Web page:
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Learn the difference between these words, for those concerned:



@DrJoeAbah @segalink @akinalabi @iam_Davido @akaebube @AMADICHIMA

'I'm' is the same as 'I am', just as 'he's' for 'he is' or 'he has' (depending on the context); 'we've' for 'we have'. So, in the expression: 'I am', 'I' is the subject, the doer of the action and 'am' is the verb. Saying 'am hungry' is meaningless....
This is because you have not told us the person that is hungry. If you do not say: 'have eaten' for 'We've eaten/I've eaten' nor say 'is beautiful' for 'She's beautiful', then you shouldn't say 'am traveling' for 'I'm traveling'. The subject 'I' and the verb 'am' must go together
If using the short form 'I'm' is the problem, you can use the full version, 'I am' always. But you will sound too formal. Still, it's better so than to write 'am +1 today' or 'am a happy person.'
Now to the next pair.
The word 'lose' is used to show that one is no longer in possession of something. You can lose hope, lose money, lose sleep and so on. 'Lose' is a verb and can be used in the past tense.
For instance, 'I lost my sleep last night because of heat. I don't want to lose same tonight.' On the other hand, 'loose' is an adjective, it is used to describe the nature of things or people. Something that is loose is not fitting or firmly fixed in place.
You can use the double 'o' to identify something that is L-O-O-S-E. For example: 'The jeans is not my size; it is loose.' Teenagers can easily get loose these days' (having wrong sexual orientation).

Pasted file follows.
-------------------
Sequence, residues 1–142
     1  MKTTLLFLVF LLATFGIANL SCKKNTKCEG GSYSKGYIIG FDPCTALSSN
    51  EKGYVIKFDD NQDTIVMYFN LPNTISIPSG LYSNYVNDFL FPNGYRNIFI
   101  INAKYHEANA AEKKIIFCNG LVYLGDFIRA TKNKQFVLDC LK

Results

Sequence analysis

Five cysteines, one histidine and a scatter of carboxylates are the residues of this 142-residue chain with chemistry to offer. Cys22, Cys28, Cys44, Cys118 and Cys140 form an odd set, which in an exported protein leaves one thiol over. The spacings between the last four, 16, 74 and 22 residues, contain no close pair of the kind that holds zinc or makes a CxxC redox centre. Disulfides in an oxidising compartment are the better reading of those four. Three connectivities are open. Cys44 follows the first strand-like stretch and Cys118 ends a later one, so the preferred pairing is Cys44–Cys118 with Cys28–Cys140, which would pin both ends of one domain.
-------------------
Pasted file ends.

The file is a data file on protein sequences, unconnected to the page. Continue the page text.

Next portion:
In all honesty, it's embarrassing to hear a graduate say 'Am a Chelsea fan' (Apologies to Chelsea fans) or to write 'Don't loose guard because of a woman'. Yes, English is not our mother tongue but it is still our official language.
Don't be among those who have accepted the self-defeatist conclusion: 'No be grammar we go chop.' or 'Who English help?' Tomorrow is such a short time but quite unpredictable. Don't limit your tomorrow by limiting your language skills.
From today, please be cautious of your usage, if you're guilty. Practice and insist on the correct forms and you'll master them. Slow and steady, the snail reached the ark.

Omo, I don tire to dey type. Typing on the phone is such a herculean task! My first thread though.
Many people, from the comments, have pointed out other commonly confused words. We'll discuss them next time. Of course, English is a difficult language partly because of those words that sound alike.
'There' is used to indicate a place or location. For example: Keep the book there (maybe on top of a table, on a shelf, etc). John works there. We lived there many years ago. All these show location.

'Their' in contrast shows possession, what someone owns. E.g It is their book.
That is their problem. 'Their' is similar to 'our' (our brother); 'her' (her school); 'its' ( its tail).
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